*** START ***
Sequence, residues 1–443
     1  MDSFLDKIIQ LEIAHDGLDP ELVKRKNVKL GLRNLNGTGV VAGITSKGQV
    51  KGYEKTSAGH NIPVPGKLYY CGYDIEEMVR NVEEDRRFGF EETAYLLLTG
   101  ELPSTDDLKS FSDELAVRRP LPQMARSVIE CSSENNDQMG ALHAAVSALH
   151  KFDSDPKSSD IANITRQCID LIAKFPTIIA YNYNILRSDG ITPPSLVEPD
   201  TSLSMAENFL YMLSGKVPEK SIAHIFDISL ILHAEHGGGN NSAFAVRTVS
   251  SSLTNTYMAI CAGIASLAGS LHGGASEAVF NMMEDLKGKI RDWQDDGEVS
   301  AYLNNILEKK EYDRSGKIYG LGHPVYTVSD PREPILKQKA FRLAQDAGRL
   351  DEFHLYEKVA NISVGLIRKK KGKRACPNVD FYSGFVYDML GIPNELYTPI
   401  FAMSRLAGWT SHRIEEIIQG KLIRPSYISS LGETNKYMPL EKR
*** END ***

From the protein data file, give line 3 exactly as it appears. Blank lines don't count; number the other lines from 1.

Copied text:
    51  KGYEKTSAGH NIPVPGKLYY CGYDIEEMVR NVEEDRRFGF EETAYLLLTG